Manitoba is earmarking millions for schools to purchase stand-alone filters to ease anxiety as parents and physicians warn about the consequences of poor classroom ventilation.
Education Minister Cliff Cullen announced Thursday the province will dole out an additional $6.8 million to schools, with priority given to facilities in regions with high levels of community transmission of COVID-19.
Cullen said the new funding could supply 6,000 classrooms with a portable air-filtration unit, based on the assumption each device costs $1,000. He indicated the province, which has been reluctant to prescribe the universal use of portable high-efficiency particulate air (HEPA) filters in classrooms, will rely on expert assessments to determine when the devices could be of use.
“We’re going to do everything we can to keep our students and staff members safe. This is one tool in the toolbox,” added Cullen, during a scrum.
Before the academic year got underway, the education department asked school officials to inspect heating, ventilation and air conditioning (HVAC) systems and seek “engineered solutions,” if necessary. Schools have also been directed to repurpose classrooms that do not have operable windows or other access to a fresh air supply.
The new funding will support improvements “that do not require construction,” the government said. Manitoba Education and Manitoba Central Services will review project applications.
“We sent more than 1,000 emails to the provincial government, starting in August, asking for this — so this announcement is really late. It should’ve happened before schools opened, like in Ontario and Newfoundland,” said Luanne Karn, an organizer with Safe September MB.
The group is calling on the province to supply divisions with funding for N95 masks for both teachers and students, require CO2 monitoring in classrooms and that records be made public for parents, and adjust its close-contact definition, citing the latest scientific consensus that the virus spreads primarily by aerosols.
The group is slated to set up an information booth outside the legislature today to highlight what it calls “essential mitigation measures”— classroom kits with portable CO2 monitors, HEPA filters, and high-quality N95-type masks — to minimize aerosol transmission of the virus in schools.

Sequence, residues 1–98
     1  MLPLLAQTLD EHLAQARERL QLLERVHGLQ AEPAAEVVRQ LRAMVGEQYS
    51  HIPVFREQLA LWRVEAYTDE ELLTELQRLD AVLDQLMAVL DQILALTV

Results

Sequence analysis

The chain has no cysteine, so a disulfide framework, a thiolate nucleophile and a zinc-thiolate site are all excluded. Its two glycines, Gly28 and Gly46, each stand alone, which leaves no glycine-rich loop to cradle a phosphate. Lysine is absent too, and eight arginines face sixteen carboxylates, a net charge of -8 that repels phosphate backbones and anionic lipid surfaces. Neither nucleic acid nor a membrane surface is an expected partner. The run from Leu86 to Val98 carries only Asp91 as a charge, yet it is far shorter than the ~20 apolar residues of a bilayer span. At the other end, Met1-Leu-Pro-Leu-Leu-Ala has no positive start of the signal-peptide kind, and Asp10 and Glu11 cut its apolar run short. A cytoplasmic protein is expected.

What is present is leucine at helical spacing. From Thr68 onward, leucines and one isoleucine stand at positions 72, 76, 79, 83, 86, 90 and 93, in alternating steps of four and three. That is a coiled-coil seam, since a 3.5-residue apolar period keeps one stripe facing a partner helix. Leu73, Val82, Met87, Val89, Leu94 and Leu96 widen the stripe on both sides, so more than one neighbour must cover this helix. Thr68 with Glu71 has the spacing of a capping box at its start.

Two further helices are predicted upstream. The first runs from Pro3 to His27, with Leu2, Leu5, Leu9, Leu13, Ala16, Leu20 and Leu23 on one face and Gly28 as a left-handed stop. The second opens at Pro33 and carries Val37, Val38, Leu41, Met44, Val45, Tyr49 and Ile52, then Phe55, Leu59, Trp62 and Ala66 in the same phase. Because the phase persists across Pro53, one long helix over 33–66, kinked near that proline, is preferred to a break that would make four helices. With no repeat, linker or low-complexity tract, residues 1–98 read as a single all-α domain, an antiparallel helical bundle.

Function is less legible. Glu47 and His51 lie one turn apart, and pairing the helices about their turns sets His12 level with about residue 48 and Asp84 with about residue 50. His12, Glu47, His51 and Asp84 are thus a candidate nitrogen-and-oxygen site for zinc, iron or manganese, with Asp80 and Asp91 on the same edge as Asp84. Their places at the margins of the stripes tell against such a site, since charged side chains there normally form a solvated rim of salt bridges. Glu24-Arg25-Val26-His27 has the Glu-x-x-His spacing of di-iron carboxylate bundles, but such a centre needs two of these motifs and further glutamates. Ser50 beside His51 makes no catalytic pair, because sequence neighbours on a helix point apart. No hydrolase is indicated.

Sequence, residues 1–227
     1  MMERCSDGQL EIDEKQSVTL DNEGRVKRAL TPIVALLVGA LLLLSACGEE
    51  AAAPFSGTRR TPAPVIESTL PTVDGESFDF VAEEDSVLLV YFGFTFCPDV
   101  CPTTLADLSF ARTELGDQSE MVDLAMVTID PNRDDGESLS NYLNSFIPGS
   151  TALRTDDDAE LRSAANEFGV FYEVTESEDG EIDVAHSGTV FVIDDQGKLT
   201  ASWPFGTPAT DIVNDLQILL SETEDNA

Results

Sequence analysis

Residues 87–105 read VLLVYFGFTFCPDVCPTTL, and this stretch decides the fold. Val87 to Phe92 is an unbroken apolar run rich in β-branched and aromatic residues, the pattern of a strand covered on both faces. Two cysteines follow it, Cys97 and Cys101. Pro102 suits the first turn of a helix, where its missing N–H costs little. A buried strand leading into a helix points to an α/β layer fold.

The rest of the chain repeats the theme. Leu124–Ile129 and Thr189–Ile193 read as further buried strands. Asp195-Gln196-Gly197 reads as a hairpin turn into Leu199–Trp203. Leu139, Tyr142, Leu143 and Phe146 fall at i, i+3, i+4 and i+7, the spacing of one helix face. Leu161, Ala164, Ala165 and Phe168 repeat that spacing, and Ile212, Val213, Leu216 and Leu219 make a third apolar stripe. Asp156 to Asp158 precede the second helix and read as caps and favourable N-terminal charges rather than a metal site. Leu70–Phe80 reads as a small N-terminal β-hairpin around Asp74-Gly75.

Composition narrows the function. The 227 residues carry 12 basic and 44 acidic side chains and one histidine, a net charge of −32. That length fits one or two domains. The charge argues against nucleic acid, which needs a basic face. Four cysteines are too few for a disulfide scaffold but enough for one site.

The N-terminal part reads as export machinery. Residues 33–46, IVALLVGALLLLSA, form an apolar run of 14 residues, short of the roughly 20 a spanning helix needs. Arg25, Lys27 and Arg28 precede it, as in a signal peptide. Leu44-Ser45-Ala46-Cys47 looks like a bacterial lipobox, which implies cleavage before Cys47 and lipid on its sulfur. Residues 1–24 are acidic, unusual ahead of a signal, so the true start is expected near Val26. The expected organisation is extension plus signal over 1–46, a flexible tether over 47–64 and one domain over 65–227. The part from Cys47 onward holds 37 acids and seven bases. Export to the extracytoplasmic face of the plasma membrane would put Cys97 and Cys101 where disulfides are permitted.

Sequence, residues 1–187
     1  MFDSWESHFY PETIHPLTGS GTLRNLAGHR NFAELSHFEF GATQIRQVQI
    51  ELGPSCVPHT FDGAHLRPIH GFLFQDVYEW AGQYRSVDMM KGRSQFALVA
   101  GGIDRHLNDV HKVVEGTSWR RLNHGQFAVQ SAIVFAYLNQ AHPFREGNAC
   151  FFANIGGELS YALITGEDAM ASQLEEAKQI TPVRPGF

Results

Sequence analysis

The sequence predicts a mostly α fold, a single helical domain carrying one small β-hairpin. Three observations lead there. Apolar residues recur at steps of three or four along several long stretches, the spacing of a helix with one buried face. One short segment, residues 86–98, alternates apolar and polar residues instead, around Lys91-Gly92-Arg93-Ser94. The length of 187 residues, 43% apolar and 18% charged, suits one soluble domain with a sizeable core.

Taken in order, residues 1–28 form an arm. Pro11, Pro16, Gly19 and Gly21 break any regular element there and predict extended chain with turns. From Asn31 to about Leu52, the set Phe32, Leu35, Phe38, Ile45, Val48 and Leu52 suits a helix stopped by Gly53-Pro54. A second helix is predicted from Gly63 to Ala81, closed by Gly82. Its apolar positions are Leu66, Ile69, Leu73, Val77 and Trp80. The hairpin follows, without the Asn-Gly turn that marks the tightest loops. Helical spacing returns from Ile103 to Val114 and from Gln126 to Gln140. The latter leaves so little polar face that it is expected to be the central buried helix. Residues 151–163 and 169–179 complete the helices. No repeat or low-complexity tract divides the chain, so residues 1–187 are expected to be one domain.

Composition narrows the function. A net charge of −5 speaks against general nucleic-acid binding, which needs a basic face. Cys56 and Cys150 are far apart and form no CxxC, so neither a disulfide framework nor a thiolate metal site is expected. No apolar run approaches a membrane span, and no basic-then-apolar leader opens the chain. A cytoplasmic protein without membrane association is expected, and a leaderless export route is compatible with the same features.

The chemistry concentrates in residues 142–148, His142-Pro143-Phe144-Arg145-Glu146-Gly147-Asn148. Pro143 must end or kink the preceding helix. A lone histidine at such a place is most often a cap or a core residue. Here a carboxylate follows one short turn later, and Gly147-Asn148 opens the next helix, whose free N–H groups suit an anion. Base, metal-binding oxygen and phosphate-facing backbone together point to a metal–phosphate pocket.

A number of parents in Manitoba’s largest school board, who hail from communities including École Laura Secord School, and École Sacré-Coeur School, have inquired about donating portable filters to the division.
In a statement, Betty Edel, chairwoman of the board, said trustees have asked Winnipeg School Division administration to look into the needs of classrooms, maintenance and safety of the equipment.
“The WSD building department has proven it is able to meet the provincial recommendations for safe air quality in our classrooms without additional units and we are also taking that into consideration as we consider these requests from parent groups,” wrote Edel.
Manitoba’s back-to-school guidelines recommend ventilation systems be adjusted to increase the frequency of fresh air exchange, encourage outdoor education, and keep windows open to improve air quality. Per national guidance, HEPA filters can reduce the concentration of some viruses from the air, but their effectiveness in reducing transmission of COVID-19 has yet to be demonstrated.
Earlier, school divisions had been directed to use their portion of the $40-million safe schools fund to upgrade air filters or address other maintenance costs. Contingency funds have also been made available for high-risk regions.
To date, 14 of Manitoba’s 37 divisions have reported spending a cumulative $1.3 million on ventilation-related expenses — up from $800,000 in related costs reported in 2020-21.
Maggie Macintosh, Local Journalism Initiative Reporter, Winnipeg Free Press